They are now lauding the story of Maria Morales, a grandma from Racine bound by misfortune and armed with a spate of criticism. With a recent appendectomy and a diagnosis of “three clogged brain arteries,” Morales’ medical bills are piling up. She depends on her unemployment insurance to survive; but those benefits expire in December raising a specter of uncertainty and doubt.

Here is a short excerpt of Morales’ story on’s website, which they entitled, “When Paul Ryan called the police on a 67 year old grandma.”

“Maria Morales, a 67-year-old grandmother from Racine, simply wanted to speak with Paul Ryan about his vote to cut off her unemployment insurance. She waited more than a year and couldn't even get a phone call—and when she went to his office, Paul Ryan's staff called the police.”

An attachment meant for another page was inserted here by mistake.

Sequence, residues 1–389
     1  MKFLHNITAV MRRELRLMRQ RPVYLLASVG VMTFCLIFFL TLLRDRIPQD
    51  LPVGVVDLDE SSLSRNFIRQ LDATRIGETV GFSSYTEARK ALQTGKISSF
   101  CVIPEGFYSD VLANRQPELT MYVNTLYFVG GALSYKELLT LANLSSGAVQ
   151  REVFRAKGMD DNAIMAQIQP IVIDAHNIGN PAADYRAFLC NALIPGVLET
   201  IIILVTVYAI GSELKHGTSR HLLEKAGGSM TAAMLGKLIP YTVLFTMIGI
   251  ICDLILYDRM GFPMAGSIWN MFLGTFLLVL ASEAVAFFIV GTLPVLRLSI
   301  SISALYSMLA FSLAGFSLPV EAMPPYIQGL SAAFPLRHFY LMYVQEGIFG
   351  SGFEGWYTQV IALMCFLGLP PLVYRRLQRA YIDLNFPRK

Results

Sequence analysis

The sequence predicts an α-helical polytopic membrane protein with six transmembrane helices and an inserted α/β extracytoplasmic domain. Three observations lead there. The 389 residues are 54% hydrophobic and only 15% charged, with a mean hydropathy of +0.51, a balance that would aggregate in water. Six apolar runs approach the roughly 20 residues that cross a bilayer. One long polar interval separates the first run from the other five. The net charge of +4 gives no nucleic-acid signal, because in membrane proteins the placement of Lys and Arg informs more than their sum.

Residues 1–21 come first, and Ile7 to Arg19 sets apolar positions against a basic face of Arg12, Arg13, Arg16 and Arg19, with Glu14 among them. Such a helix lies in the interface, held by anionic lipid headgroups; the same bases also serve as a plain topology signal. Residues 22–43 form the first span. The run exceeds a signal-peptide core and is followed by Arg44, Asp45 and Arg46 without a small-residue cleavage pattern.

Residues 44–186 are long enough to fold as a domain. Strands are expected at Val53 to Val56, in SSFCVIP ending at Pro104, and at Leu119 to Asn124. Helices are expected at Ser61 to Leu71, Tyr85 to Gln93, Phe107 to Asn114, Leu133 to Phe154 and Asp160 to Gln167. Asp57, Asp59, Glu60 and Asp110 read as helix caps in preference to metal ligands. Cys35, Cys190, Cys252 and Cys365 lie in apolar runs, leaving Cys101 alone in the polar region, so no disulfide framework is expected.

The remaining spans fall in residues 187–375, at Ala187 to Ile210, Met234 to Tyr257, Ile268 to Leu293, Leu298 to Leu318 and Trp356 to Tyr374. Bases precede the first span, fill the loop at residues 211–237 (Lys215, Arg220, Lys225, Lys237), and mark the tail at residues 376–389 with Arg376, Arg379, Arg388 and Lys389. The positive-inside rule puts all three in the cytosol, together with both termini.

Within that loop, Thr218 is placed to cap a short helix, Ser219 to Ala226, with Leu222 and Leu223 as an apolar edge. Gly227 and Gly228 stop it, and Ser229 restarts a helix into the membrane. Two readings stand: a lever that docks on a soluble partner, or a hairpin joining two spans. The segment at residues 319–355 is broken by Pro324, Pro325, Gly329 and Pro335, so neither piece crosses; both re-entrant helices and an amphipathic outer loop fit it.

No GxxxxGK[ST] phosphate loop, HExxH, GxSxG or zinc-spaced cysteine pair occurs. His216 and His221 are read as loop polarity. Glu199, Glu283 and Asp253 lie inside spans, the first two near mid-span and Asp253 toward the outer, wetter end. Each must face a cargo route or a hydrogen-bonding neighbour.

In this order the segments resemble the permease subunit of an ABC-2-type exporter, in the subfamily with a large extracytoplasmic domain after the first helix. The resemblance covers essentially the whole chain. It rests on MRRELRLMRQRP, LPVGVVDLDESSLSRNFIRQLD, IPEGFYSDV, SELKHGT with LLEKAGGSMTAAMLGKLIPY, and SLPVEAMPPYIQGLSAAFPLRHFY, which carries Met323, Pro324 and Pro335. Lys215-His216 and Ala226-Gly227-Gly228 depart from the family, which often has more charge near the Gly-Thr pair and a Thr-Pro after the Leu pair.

Kevin Seifert, Press Secretary for Congressman Ryan, disputes Morales’s claim. Last December, Morales made an unscheduled visit to their D.C. office as a part of an Occupy Wall Street protest. Morales and other protesters tried to camp out at Ryan’s office to force a meeting through what is known as a “sit in.” Although the Capitol Police intervened, Ryan’s office maintains they didn’t make the call.

Given Congressman Ryan’s commitments and hectic schedule, we ask that constituents who are hoping to meet with him arrange these meetings in advance. This ensures Congressman Ryan is able to talk with as many district residents as possible on a given day,” Seifert said.  “Showing up without an appointment and demanding to see the congressman is the same as cutting to the front of the line."

Seifert reiterated that Congressman Ryan would be happy to meet with Morales – and has met with her in the past – but she needs to follow the same procedures as everyone else.